Musicians and Performers




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One of the most famous Music performers was native Covingtonian George Rufus Adams. George was a world known jazz icon.


A soulful soloist of fierce energy, with a sound that could break into a bluesy, vocalized cry, Adams was heavily steeped in the blues and gospel tradition of his roots. George Adams was born in Covington. Georgia on 29 April 1940. At the age of eleven he started to play the piano, at High [[#|School]] he switched to tenor sax. He studied at the Clark College got lessons on flute by that former Chick Webb man, Wayman Carver.

At first George Adams played mostly rhythm and blues in so-called organ trios. He worked with Sam Cooke and some local guys. In 1965 he left for New York. he worked with Roy Haynes (1965-1972), Art Blakely, Charles Mingus, (1973-1976). Gil Evans, (1975-1978) McCoy Tyner, (1976-1979) and Archie Shepp (1978).


In 1975 he made his first record under his own name when he was touring with Mingus (in the group also Don Pullen and Dannie Richmond). In 1979 the three came to their quartet and they made this quartet a cohesive unit, playing powerful music, intense rhythm, lots of funk, dynamic contrasts and a modern approach. This quartet was really one of the hottest groups in the early 1980's. A band that hung together for over a decade, continuing to expand on the ideas that came out of their time with the great bassist, the music made by the Pullen/Adams quartet in many respects represents a fulfillment of their Mingus period; if not as compositionally bold, it’s more focused and didn’t overreach the way the “Changes” sessions occasionally did. By 1983, the quartet was at a musical peak, and the record “City Gates,” was a highlight of the period. The choice of tunes, the solos, and the arrangements all come together to produce one of the leading post-bop albums of the 1980s. They would go on to do back to back “Live at the Village Vanguard,” albums also that year. The Pullen/Adams Quartet was definitely one of the hottest bands of the era.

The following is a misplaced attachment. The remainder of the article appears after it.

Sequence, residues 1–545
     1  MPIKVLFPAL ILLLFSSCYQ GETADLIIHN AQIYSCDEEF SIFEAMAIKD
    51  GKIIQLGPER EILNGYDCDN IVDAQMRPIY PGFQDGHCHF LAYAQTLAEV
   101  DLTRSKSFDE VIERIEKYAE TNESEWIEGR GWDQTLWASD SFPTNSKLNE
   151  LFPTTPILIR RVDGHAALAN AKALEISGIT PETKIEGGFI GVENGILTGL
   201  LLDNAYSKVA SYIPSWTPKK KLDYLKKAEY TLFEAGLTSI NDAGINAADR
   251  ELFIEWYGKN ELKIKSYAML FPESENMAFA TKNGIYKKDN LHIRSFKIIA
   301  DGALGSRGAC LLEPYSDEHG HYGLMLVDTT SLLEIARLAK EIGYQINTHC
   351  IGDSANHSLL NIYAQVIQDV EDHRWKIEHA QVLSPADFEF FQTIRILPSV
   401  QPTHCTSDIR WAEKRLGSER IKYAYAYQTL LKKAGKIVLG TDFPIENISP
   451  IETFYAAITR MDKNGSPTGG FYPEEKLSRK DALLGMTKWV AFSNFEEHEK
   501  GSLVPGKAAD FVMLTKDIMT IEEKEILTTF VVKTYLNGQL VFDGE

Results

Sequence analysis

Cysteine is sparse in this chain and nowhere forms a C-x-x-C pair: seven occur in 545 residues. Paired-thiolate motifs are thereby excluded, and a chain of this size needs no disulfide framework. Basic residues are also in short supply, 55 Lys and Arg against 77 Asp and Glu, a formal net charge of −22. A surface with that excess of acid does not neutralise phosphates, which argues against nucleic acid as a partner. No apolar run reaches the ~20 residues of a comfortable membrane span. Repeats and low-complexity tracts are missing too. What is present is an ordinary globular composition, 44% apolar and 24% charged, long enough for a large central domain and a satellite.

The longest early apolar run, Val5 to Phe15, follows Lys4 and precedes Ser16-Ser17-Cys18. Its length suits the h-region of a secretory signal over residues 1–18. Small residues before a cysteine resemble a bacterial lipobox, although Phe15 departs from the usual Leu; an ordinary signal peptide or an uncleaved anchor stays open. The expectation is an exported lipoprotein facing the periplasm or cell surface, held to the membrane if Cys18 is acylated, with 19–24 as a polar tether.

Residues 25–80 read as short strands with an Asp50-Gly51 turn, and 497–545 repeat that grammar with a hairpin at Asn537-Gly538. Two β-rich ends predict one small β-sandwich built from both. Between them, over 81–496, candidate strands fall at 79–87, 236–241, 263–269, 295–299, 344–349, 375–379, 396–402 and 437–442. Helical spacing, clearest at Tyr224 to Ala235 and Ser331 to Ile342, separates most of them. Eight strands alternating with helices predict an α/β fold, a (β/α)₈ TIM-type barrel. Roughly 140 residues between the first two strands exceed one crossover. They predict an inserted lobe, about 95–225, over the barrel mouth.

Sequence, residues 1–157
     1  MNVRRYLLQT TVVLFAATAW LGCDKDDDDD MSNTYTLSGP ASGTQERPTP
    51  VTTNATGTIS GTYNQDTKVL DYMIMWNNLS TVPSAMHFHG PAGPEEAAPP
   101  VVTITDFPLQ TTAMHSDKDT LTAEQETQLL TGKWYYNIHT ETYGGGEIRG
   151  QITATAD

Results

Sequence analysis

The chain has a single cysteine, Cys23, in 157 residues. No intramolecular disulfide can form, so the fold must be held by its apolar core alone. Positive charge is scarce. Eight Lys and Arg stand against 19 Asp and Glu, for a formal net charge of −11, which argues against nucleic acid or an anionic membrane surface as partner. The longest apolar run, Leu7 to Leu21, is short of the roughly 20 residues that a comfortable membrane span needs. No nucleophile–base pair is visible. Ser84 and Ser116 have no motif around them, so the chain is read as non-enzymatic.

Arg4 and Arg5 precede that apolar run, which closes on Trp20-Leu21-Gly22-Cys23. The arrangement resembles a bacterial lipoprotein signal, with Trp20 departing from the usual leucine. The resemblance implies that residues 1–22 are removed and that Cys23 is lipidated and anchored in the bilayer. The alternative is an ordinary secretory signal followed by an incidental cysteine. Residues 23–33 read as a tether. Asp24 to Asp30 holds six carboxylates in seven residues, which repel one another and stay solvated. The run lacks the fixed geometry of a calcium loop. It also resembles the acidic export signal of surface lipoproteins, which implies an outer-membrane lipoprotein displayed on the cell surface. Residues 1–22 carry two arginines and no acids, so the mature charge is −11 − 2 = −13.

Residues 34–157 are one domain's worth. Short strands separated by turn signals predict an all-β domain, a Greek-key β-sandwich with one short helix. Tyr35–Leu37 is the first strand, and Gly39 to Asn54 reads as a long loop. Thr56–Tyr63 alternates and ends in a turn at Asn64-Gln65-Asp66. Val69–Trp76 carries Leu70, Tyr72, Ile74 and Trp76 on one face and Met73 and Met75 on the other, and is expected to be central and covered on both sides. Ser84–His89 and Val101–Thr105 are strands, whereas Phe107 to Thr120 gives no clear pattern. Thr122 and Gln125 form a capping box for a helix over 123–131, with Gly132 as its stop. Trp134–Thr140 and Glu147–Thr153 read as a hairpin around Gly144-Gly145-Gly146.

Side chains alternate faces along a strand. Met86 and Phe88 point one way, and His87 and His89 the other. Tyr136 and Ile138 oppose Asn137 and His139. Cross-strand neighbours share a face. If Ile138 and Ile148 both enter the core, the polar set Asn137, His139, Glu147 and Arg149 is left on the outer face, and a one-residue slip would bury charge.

One of his last recordings was “America,” on the Blue Note label. This album consists of classic American songs like “Tennessee Waltz”, “You Are My Sunshine” and “Take Me Out to the Ballgame” as well as a few original songs that articulate Adams's surprisingly positive view of his country He also released “Paradise Shuffle,” in ’89, and “Old Feeling,” in ’91.
Though he would record quite prolifically as a leader from ’75 to his death in ’92, he would be best remembered for his tenure as co leader of the Don Pullen/George Adams Quartet. Adams was a fine saxophonist who displayed great passion whether experimenting with the avant-garde, or playing straight ahead bop, always firmly based in the blues.

http://www.google.com/url?sa=t&rct=j&q=&esrc=s&source=web&cd=9&ved=0CHMQFjAI&url=http%3A%2F%2Fmusicians.allaboutjazz.com%2Fmusician.php%3Fid%3D3262&ei=P3UvUZSSMKbG0AGLnoDIDw&usg=AFQjCNF5tPUAr_yltpUgpueWbuYVsVx4Sg&bvm=bv.43148975,d.dmQ&cad=rja


GEORGE'S PERFORMANCE VIDEO


http://www.i4u.com/video-gallery/George-Adams?nr=1

Posted by Johnny Johnson - February 2013



MUSICAL HISTORY: BLACK SWAN RECORDS



Harry H. Pace Black Swan Records.jpg


Harry Herbert Pace was born on January 6th, 1884 in Covington, Georgia. His father Charles Pace, was a blacksmith who died while Harry was an infant leaving him to be raised by his mother, Nancy Francis Pace. Light skinned and extremely bright, Pace finished elementary school at age twelve and seven years later graduated valedictorian of his class at Atlanta University. A disciple of college teacher, W.E.B. Dubois and his concept of the talented tenth, upon graduation, Pace worked in printing, banking and insurance industries first in Atlanta and later in Memphis. In various junior executive positions, he demonstrated a strong understanding of business tactics and had a reputation for rebuilding failing enterprises.
http://www.redhotjazz.com/blackswan.html

Posted by Johnny Johnson - February 2013